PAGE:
I am an administrative services director in a mid-sized urban county. We have already experienced a “retirement wave” and have been hiring a good number of younger, talented professionals. Generally, these employees are hungry to learn and grow, want to be challenged, and are eager to advance and make a bigger contribution.
The big problem is that we cannot keep the talented employees. If they don’t move up quickly enough, they get antsy and jump to another organization. There are only so many promotional opportunities in our organization, and we are constrained in offering more compensation.
The churn in my department and throughout the county organization is killing us. How do we retain our talent?
Your talent crisis is not unique. Local government is in a war for talent. . . and we’re losing the war. Talent is mobile and can move anywhere.
Gallup’s most recent State of the Workforce report found that 63% of American employees are confident that they can find a job as good as the one they currently have (up from 42% in 2010.) Moreover, 51% are actively looking for or are open to a new job. (Lisa Brown Alexander, “Help Desk: How Stay Interviews Can Help Retain Top Talent,” Baltimore Business Journal, Dec. 6, 2019.)
To exacerbate the challenge, local governments can no longer “poach” seasoned talent from other agencies. You must grow your own . . .and then keep them. Therefore, the challenge is how do you create organizational “stickiness.” (See Frank Benest, “Growing and Retaining Talent—Strategies to Create Organizational Stickiness,” PM magazine, Oct 2008.)
As you suggest, you cannot retain talent based on compensation. First, some other public agency or private company will out-pay you. Second, a public agency’s ability to significantly increase compensation is constrained by taxpayer sentiment about significantly raising public employee salaries and benefits.
Most importantly, once an agency pays more or less competitively, culture trumps compensation. Workplace culture will help or hinder your efforts to retain talent.
How Do We Find Out What Employees Want?
When we are trying to encourage talent to join us, we typically lavish attention on them. We take them to lunch or dinner and talk about what a great organization we have and the opportunities that we offer. Once we actually hire them, we forget about them until they leave. We then do an “exit interview” and ask them why they are leaving. Of course, by then, it is too late and we have lost them.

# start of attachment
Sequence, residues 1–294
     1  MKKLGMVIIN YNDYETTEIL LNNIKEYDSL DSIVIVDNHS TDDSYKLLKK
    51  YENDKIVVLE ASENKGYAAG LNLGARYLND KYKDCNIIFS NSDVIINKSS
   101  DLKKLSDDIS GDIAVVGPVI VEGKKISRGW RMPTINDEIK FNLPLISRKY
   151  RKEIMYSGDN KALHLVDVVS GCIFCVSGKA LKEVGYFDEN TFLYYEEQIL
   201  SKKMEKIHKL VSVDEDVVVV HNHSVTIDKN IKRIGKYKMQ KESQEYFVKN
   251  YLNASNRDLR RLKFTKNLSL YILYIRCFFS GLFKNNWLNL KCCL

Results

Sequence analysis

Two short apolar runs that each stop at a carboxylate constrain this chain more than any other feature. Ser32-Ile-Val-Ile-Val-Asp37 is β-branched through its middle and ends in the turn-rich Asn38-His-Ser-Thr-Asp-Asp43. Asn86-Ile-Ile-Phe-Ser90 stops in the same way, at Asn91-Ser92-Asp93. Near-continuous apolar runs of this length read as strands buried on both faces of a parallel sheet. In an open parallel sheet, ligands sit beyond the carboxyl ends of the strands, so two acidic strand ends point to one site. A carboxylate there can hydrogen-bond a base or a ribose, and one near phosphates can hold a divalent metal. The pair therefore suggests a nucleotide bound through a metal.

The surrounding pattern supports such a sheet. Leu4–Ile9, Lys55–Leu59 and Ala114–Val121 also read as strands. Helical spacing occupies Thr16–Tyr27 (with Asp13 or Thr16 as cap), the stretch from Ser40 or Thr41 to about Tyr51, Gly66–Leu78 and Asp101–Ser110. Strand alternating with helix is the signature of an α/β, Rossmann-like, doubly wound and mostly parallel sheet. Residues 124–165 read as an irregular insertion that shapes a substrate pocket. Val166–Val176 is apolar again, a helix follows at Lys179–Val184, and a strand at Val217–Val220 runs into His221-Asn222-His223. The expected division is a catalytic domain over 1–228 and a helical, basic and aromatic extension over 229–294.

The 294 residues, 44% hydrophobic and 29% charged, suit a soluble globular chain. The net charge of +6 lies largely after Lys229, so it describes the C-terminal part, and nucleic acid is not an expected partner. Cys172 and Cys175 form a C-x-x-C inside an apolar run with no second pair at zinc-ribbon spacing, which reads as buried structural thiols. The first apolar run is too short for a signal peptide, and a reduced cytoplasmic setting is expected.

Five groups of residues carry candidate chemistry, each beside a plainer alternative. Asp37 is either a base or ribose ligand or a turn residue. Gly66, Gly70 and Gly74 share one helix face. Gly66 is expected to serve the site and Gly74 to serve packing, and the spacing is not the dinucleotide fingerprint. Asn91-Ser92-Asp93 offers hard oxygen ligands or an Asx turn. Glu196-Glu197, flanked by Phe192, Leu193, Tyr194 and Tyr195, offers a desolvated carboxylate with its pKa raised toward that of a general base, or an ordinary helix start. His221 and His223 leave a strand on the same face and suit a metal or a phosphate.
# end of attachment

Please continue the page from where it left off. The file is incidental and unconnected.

To find out what employees value and want in terms of their work experience, we need to ask them.
What Is a “Stay Interview”?
Very few local governments consistently use a stay interview as a talent retention tool. These conversations are a powerful way to connect with employees and “re-recruit” talent.
A stay interview is a one-on-one interview between a manager and a valued employee. The purpose of the interview is to learn what will keep the employee working with you and elicit what would entice the employee to leave you. (See John Sullivan, “The Many Benefits That Come From Using Stay Interviews,” TLNT newsletter, Dec 3, 2013.)
What Are Some Stay Interview Questions?
Here are some typical stay interview questions that elicit key information from the employee:
- What do you like most about your work?
- In your work here, where do you find meaning and purpose?
- What keeps you here?
- What would entice you away?
- What do you want to learn this year?
- What makes for a great day at work?
- What do you wish you had more time to do?
- What brings you down on the job?
- Is there anything you'd like to change about your job to make it more meaningful or rewarding?
- Do you feel recognized for your accomplishments?
- What strengths or talents do you have that aren't being used?
- What is your greatest challenge or roadblock?
- What part of working here strikes you as ridiculous?
- How can I or the organization help you reach your career goals?
- What support do you need to be more effective?
- What are things you are doing that you would like to stop doing or delegate to others?